This past weekend, two groups of people who care very much about radio assembled in Seattle, separated only by about 50 yards and 2 or 3 million light-years.
The catalyst was the annual radio trade convention of the National Association of Broadcasters (NAB), held this year at the Washington State Trade and Convention Center. While some 4,500 radio industry executives huddled inside, in the adjacent Freeway Park and Town Hall, their critics also convened: an umbrella of alternative-media agitators who titled their gathering "Reclaim the Media."
It needs reclaiming, activists said, from the mass corporatization of recent years—especially since the Telecommunications Act of 1996—that has enabled companies to amass hundreds of radio stations across the country, all of them sounding exactly alike in their dullness.
The most striking feature of having the two groups side by side—aside from the disparity in wealth—was that both frequently proclaimed their passion for radio. But they meant different things. Outside, the activists talked of radio's immediacy, its ability to engage our imaginations and local communities, and the things that could be broadcast. Inside, they enthused over radio's ability to tailor itself to advertisers' needs and to generate profits.
Radio, in the corporate model, is tomato sauce. While the scraggly protesters debated recipes, execs worried over how best to sell the sauce. The actual ingredients were a matter for subordinates. The contrast was clearest in an NAB session on the single issue protesters cared most about: a workshop titled "You're Consolidated: Pros and Cons." Remarkably, nobody—not the NAB's moderator, panelists, nor audience members—could find anything bad to say about corporate consolidation of their industry.
Chuck Frederick of Clear Channel Communications—the nation's largest chain, with over 1,200 stations, almost all of them bought since 1996—set the tone for the session. Frederick works in Cincinnati, where Clear Channel owns eight stations that reach 93 percent of that city's listeners. He enthused of his industry's consolidation that "I don't know that we've done anything wrong," and proclaimed that "Clear Channel is like a very kind gorilla."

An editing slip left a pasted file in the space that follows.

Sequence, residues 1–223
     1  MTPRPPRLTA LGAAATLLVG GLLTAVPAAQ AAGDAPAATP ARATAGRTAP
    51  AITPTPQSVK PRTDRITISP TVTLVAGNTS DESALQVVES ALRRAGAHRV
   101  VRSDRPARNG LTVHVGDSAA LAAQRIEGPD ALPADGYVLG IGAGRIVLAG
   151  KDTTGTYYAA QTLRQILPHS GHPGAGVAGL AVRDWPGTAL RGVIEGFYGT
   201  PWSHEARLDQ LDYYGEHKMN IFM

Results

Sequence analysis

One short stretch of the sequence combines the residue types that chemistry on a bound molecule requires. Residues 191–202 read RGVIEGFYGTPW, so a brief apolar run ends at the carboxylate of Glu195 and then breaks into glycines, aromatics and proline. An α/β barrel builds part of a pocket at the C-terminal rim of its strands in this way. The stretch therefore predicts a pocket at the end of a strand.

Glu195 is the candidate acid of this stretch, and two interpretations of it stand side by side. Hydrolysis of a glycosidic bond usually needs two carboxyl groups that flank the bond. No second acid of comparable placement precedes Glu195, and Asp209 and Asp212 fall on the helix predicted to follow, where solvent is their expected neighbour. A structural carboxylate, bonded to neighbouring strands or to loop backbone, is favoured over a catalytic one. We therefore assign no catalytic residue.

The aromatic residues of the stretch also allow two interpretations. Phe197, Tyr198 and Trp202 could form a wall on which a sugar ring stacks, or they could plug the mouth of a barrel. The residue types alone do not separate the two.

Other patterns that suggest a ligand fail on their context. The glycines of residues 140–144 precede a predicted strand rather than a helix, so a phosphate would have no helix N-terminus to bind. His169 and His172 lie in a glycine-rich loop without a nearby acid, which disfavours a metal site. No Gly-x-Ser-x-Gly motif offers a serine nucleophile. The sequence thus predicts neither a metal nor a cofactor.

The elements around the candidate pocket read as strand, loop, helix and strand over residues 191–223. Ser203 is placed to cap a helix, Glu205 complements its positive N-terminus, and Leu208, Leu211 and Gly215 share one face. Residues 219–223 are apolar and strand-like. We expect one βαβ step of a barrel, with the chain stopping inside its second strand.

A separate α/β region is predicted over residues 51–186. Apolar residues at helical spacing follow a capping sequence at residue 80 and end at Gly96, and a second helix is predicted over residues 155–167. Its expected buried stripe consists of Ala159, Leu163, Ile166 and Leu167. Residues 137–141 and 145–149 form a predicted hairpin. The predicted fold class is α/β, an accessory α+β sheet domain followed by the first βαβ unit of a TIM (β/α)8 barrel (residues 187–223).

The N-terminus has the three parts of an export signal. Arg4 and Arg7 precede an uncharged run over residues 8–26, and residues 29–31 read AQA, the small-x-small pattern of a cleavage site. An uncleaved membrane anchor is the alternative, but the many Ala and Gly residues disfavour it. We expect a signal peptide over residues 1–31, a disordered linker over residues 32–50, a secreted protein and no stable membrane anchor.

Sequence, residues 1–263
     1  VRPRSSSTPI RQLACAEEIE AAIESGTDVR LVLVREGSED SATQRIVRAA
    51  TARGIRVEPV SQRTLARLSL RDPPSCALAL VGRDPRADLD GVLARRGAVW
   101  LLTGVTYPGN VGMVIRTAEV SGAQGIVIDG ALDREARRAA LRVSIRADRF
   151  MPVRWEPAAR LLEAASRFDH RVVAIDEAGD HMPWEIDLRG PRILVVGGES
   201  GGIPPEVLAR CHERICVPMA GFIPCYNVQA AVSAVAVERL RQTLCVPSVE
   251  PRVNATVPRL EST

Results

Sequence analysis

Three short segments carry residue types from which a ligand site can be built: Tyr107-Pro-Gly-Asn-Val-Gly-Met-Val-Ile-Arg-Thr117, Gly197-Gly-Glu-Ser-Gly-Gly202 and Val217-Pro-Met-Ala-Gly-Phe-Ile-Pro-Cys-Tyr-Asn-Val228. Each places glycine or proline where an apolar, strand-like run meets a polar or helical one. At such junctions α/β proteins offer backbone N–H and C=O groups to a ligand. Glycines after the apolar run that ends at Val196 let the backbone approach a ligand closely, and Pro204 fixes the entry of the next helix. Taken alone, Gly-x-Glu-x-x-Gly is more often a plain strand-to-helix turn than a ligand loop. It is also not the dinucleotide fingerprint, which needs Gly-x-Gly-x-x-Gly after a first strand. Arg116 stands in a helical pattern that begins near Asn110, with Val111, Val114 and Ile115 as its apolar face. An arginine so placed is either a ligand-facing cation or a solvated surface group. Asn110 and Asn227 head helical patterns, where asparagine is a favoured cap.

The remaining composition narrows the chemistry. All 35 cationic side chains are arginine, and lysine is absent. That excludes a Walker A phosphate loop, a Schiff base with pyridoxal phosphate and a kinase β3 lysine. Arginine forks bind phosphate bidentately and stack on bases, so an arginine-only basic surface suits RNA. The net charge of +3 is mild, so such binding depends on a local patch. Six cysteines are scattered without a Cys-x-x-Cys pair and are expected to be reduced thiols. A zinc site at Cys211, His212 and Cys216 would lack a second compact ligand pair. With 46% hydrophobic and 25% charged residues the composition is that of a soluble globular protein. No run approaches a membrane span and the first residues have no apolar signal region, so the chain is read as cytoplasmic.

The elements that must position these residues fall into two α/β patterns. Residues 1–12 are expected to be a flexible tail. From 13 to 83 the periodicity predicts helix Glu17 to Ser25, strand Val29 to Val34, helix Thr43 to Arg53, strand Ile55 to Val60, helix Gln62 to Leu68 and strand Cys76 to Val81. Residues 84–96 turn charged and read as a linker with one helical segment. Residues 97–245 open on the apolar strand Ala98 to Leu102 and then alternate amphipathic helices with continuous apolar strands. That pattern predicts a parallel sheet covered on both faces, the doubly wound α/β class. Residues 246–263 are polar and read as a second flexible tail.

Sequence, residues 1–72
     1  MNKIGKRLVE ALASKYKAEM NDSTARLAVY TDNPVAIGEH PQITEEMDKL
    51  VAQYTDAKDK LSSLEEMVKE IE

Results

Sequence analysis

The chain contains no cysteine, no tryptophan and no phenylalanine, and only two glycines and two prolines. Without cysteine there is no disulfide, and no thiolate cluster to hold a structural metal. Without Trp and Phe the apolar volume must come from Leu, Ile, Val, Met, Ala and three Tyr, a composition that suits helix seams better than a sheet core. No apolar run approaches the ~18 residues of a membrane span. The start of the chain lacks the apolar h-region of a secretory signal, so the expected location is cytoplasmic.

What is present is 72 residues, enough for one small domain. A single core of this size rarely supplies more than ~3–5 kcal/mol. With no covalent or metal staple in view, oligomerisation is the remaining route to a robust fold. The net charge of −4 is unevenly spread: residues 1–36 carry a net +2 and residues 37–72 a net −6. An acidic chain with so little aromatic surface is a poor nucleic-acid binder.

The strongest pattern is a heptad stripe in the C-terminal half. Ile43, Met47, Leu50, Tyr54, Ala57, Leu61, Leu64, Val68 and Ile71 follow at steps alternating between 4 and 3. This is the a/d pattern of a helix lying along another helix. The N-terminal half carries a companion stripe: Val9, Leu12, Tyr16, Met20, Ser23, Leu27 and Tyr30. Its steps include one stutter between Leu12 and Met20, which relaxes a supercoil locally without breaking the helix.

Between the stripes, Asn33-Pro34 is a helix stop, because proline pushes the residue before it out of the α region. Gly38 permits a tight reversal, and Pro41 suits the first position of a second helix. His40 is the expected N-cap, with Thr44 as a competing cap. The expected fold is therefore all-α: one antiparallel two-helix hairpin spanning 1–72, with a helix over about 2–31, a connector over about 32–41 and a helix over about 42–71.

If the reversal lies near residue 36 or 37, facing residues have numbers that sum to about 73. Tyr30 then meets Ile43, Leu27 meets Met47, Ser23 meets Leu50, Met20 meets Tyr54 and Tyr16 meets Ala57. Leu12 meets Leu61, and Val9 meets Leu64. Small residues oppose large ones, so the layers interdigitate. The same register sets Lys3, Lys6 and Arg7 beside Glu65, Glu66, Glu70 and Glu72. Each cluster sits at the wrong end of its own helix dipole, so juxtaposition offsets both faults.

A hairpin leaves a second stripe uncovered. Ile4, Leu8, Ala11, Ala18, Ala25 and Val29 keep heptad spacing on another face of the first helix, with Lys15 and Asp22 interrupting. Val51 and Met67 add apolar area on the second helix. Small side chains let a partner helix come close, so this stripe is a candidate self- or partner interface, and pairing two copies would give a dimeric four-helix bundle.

Notably absent from this year's conference were vendors selling program content—while the NAB has always had a sales focus, this year what listeners actually hear on radio today was hardly mentioned at all. We're an afterthought; what matters most is that we not be too offended by what we hear.
Nowhere is that truer than at Clear Channel. Frederick's "very kind gorilla" gained notoriety in the wake of 9/11 for a widely circulated list of songs that individual stations should avoid, from the tasteless ("Dust in the Wind") to the pointedly censorious ("Imagine," "Peace Train"). In San Francisco last year, one of the country's best-known hip-hop personalities, Davey D, was fired from Clear Channel's KMEL for interviewing Rep. Barbara Lee on her vote against bombing Afghanistan.
Davey and others electrified a Town Hall crowd of over 1,000 Friday night. It was the high point of four days in which activists from the Net, low-power FM and pirate radio, cable-access TV, and all manner of print publications milled about trading strategies and wondering what was going on inside the NAB conference.
The answer would have been incomprehensible to most of them—sales seminars, mostly—but then, the vision held by the folks outside was equally foreign to most NAB attendees: that the media isn't like tomato sauce, that it's essential for the diversity of our music and culture and for the information citizens need in a democracy.
That's a trait every other Western democracy recognizes with a mixture of privately and publicly funded radio and TV. Radio is different, not because of its selling power, but because it helps determine who we are as a people.
To some of the folks inside, that's the same thing. By the end of the weekend, I was glad to be back outside.